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Keyword Searching in Relational Databases Esha Palta (05329017) Kumar Gaurav Bijay (02005013) . Dilbert Strip . Motivation. Keyword search We have SQL, why keyword-querying? SQL - not appropriate for naive users

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Keyword searching in relational databases esha palta 05329017 kumar gaurav bijay 02005013

Keyword Searching in Relational Databases

Esha Palta (05329017)

Kumar Gaurav Bijay (02005013)



Motivation
Motivation

  • Keyword search

  • We have SQL, why keyword-querying?

    • SQL - not appropriate for naive users

    • So many online databases (imdb, citeseer, bseindia …) – user cannot keep track of schema for all of these


Simple approaches
Simple Approaches

  • Using Form interfaces

    • Require separate form for each type of query – confusing

    • Not suitable for ad-hoc queries – how many forms will you provide?

  • How about Google?

    • Export data from db to documents and do keyword- querying on these

    • Suffers from duplication overheads

    • Google wants all keywords in one document. DB is often normalized, so need to join tables and store as documents

    • Multiple combinations of tables to join. Not scalable …


Differences from web search
Differences from Web Search

  • Related data split across multiple tuples due to normalization

  • Different keywords may match tuples from different relations

    • What joins are to be computed can only be decided on the fly

    • Need to find result containing all keywords and rank them somehow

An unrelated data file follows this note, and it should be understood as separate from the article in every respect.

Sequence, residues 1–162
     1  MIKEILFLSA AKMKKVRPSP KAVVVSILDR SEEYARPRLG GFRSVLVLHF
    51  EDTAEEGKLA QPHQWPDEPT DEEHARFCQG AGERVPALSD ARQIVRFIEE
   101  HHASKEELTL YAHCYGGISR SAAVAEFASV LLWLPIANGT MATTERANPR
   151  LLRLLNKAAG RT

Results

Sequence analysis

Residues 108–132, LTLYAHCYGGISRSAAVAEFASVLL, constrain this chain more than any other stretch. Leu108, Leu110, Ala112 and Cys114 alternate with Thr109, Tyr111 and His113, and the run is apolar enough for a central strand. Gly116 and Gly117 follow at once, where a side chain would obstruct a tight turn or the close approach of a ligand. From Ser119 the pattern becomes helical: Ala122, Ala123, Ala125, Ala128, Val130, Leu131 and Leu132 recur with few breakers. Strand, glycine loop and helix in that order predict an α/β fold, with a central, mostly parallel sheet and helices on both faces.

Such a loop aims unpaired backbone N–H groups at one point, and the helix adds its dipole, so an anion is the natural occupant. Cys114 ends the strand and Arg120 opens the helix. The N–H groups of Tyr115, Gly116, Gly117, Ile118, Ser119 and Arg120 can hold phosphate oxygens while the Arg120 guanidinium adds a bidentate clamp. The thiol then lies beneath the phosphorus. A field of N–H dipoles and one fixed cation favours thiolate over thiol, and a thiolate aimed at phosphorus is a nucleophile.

Writes

(AuthorId,

PaperId)

Paper

(PaperId,

PaperName)

Author

(AuthorId,

AuthorName)

Cites

(Citing,

Cited)

The DBLP Bibliography Schema


Systems for db search
Systems for DB search

  • BANKS (Browsing and Keyword Search)

    – IITB (ICDE ’02)

  • DBXplorer – Microsoft Research (ICDE ’02)

  • ObjectRank – IBM, UCSD, FIU (VLDB ’04)

  • Bidirectional BANKS – IITB (VLDB ’05)


Systems for db search1
Systems for DB search

  • BANKS (Browsing and Keyword Search)

    – IITB (ICDE ’02)

  • DBXplorer – Microsoft Research (ICDE ’02)

  • ObjectRank – IBM, UCSD, FIU (VLDB ’04)

  • Bidirectional BANKS – IITB (VLDB ’05)

    will cover in depth



The banks system
The BANKS system

  • BANKS Architecture

  • Available on the web

    • http://www.cse.iitb.ac.in/banks

  • Connects to database using JDBC

    • JDBC metadata features used to provide schema browsing

  • Preprocesses db

User

BANKS

JDBC

HTTP

Web-server

Database


Basic model

BANKS01:Keyword Search

MO:MultiQuery Optimizn

paper

Charuta:BANKS01

writes

Charuta

S. Sudarshan

Prasan Roy

author

Basic Model

  • Database: modeled as a graph

    • Nodes = tuples

    • Edges = references between tuples

      • foreign key (assume for this talk), inclusion dependencies, ..

      • Edges are directed.

PaperId:PaperName

AuthorID:PaperId

AuthorId

DBLP example


The banks answer model
The BANKS Answer Model

  • Query: set of search terms {t1, t2, .., tn}

    • For each search term ti we find set of nodes Si matching ti

    • Eg: Query = Sudarshan Roy (t1= Sudarshan, t2 = Roy)

  • Answer: rooted, directed tree connecting nodes matching keywords

    • Root node has special significance, may be restricted to some relations

      • E.g. relations representing entities, not relationships

    • May include intermediate nodes not in any Si (Steiner Tree)

  • Multiple answers